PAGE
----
Return to Forever at Britt

After seeing Ahmad Jamal and Regina Carter perform at last year’s Britt Festival and seeing past lineups featuring important jazz artists, I was eager for the release of this year’s schedule of concerts. When I saw that Return to Forever was performing, I was amazed and excited. After 25 years, the fusion jazz quartet of Chick Corea, Al DiMeola, Stanley Clarke, and Lenny White would be reuniting for a tour and Jacksonville, Oregon, would be one of 30 or so stops through the U.S. and Europe.

Mother nature must be a jazz fan. The skies were clear and the weather was warmer than it has been in some time (although it was a bit chilly after sunset).

Unlike other jazz concerts I’ve been to, even getting to the site two hours early was not enough to avoid standing in line. Fortunately, we got one of the last little plots in front of the stage and after some sandwiches and a few glass of wine (awesome that Britt still allows B.Y.O.B.), the concert began. Although these were figures among the pantheon of contemporary jazz artists, they immediately set the crowd at ease. It was obvious from the very start that these guys were having a great time and that they wanted the audience to have fun, too. Chomping vigorously on chewing gum, virtuosic keyboardist Chick Corea started the first set on Fender Rhodes and the music was on. These musicians have not lost their chops. The highlights of the electric set were the call and response interplay of Corea and DiMeola while White and Clarke drove the pulse. The highlight of the first half of the concert was their performance of   ‘Song to the Pharaoh Kings,’ which started with Al DiMeola sitting out in the crowd duetting with Corea.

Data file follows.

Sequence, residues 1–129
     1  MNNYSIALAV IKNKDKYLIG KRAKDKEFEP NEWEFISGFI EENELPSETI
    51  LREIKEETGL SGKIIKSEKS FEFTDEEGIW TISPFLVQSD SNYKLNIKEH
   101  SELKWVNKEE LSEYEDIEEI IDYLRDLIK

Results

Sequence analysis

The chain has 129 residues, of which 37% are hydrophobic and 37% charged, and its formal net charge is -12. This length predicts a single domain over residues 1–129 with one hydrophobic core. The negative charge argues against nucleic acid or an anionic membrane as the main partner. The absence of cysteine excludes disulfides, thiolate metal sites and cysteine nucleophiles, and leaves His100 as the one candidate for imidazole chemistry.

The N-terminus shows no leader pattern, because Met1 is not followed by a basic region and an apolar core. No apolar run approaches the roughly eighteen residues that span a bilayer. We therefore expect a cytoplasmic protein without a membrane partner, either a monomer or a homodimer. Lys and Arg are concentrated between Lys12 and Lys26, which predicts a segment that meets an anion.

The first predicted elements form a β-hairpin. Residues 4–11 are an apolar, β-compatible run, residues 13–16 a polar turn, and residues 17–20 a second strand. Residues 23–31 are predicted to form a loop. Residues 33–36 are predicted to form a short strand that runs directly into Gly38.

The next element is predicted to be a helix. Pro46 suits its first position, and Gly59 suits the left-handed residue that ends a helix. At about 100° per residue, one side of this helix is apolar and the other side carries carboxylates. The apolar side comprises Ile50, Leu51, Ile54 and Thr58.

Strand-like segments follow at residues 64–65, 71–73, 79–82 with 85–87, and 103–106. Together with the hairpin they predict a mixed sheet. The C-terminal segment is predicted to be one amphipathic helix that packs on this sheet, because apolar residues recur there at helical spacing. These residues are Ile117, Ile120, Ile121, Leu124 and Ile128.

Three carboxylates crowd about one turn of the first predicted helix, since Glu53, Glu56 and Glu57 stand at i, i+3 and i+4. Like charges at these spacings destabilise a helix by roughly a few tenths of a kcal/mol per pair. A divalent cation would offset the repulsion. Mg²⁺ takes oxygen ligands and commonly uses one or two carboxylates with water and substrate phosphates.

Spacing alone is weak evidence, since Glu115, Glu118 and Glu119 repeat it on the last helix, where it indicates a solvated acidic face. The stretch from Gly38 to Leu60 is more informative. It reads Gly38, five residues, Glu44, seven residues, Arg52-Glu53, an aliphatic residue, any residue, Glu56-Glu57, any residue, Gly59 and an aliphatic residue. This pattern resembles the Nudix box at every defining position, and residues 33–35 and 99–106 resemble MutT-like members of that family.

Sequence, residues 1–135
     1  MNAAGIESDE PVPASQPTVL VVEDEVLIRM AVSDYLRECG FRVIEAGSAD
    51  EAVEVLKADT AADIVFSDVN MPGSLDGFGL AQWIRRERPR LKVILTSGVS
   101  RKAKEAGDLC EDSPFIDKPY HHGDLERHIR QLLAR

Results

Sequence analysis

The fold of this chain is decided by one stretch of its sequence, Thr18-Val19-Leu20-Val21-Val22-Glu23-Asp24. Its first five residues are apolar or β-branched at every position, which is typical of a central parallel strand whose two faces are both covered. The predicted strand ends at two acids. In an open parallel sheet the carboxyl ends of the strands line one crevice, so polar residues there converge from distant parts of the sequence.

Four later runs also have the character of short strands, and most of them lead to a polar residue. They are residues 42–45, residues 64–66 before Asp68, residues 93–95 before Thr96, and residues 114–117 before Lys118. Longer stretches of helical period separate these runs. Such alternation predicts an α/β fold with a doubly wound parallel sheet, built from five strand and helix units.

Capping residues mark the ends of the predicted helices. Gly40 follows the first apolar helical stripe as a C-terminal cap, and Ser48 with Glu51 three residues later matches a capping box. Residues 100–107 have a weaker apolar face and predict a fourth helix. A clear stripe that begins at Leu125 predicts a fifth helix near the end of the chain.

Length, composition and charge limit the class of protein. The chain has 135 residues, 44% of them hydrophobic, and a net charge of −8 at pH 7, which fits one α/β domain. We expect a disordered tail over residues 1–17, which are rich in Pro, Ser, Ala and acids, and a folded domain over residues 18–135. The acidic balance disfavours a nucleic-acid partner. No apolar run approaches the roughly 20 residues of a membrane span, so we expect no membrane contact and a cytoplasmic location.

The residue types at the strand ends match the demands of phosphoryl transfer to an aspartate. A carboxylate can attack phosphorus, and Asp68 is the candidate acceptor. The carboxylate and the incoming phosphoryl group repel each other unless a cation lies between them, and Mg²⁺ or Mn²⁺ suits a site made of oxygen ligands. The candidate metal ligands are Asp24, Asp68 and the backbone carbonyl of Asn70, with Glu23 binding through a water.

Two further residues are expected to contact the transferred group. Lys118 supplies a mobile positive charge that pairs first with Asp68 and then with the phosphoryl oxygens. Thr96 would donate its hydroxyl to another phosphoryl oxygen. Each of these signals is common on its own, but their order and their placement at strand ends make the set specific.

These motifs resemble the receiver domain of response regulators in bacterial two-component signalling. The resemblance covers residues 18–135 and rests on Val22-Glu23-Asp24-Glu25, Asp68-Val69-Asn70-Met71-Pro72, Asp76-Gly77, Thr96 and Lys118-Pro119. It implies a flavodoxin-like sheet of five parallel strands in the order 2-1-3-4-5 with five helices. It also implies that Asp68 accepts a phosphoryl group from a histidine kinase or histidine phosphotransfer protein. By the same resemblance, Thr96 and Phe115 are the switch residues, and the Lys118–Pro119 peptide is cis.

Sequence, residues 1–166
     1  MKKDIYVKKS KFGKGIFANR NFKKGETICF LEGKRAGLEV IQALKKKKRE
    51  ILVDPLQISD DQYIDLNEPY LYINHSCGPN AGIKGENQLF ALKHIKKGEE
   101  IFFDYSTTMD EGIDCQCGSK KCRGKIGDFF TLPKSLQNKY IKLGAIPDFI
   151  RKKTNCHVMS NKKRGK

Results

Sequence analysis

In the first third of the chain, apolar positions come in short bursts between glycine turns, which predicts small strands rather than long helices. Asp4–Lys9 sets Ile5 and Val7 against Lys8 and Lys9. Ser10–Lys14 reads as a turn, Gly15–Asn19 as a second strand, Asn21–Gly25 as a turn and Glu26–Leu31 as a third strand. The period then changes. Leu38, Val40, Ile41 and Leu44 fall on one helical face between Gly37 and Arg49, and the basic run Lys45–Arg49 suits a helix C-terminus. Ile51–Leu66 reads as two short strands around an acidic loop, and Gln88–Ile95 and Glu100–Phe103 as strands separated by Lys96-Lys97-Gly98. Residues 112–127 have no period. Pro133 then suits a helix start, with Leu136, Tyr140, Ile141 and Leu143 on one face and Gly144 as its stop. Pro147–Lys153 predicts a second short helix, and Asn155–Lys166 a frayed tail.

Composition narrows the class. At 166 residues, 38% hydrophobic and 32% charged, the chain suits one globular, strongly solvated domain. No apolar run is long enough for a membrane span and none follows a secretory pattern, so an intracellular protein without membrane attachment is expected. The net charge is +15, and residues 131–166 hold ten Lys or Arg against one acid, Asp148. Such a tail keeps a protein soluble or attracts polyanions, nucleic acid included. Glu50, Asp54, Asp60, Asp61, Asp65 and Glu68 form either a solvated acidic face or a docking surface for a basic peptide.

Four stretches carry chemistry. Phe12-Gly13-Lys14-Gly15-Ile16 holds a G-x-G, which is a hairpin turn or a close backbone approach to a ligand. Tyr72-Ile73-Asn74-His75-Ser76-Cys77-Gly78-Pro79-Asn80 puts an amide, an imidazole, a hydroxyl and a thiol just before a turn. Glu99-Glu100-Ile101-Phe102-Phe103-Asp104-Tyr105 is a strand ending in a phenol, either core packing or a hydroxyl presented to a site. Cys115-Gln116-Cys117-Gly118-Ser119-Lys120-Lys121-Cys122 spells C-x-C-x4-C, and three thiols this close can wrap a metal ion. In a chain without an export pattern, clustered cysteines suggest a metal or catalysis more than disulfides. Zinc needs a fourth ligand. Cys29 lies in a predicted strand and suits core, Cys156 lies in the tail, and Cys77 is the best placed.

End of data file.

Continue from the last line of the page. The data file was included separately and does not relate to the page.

After a brief intermission, we were surprised with a nice treat: the band played on acoustic instruments. Al DiMeola initiated the second half of the set with a rousing acoustic guitar solo of awe-inspiring speed and precision, reminiscent of his work with John McLaughlin and Paco de Lucia on the classic Friday Night in San Francisco album. That was followed by a modernistic solo improvisation on piano (and direct playing on piano strings) by Chick Corea, one of the great masters of the past 40 years. It was quite interesting to see Stanley Clarke playing an acoustic upright. I do have a new respect for him, although I think that 10 minutes was too long a solo for him; he seemed to run out of ideas or enthusiasm after about six or seven minutes. He is certainly no Dave Holland. Clarke’s solo was followed by about eight minutes of unaccompanied drum playing by Lenny White. Unimpressive. While he is fabulous at performing his role at driving the group in a rock-jazz setting, his solo would only be exciting to those who have never heard virtuosic jazz drumming.

After performing three or four acoustic pieces, including a wonderful version of ‘No Mystery,’ the performance ended with an encore in which the musicians returned to their electronic instruments. Once again, Corea was on fire and it was refreshing to see Stanley Clarke return to the instrument on which he is a master, the electric bass. I was close enough to the stage to get to shake Chick Corea’s hand. It was an important moment for me. When I first immersed myself in jazz about nine years ago, a one-dollar clearance-rack Chick Corea cassette was my first acquisition. Little did I know then what an important figure he is in the jazz world. Scores of CDs and ‘finally’ a concert later, I feel privileged to see him live and had five seconds of his time.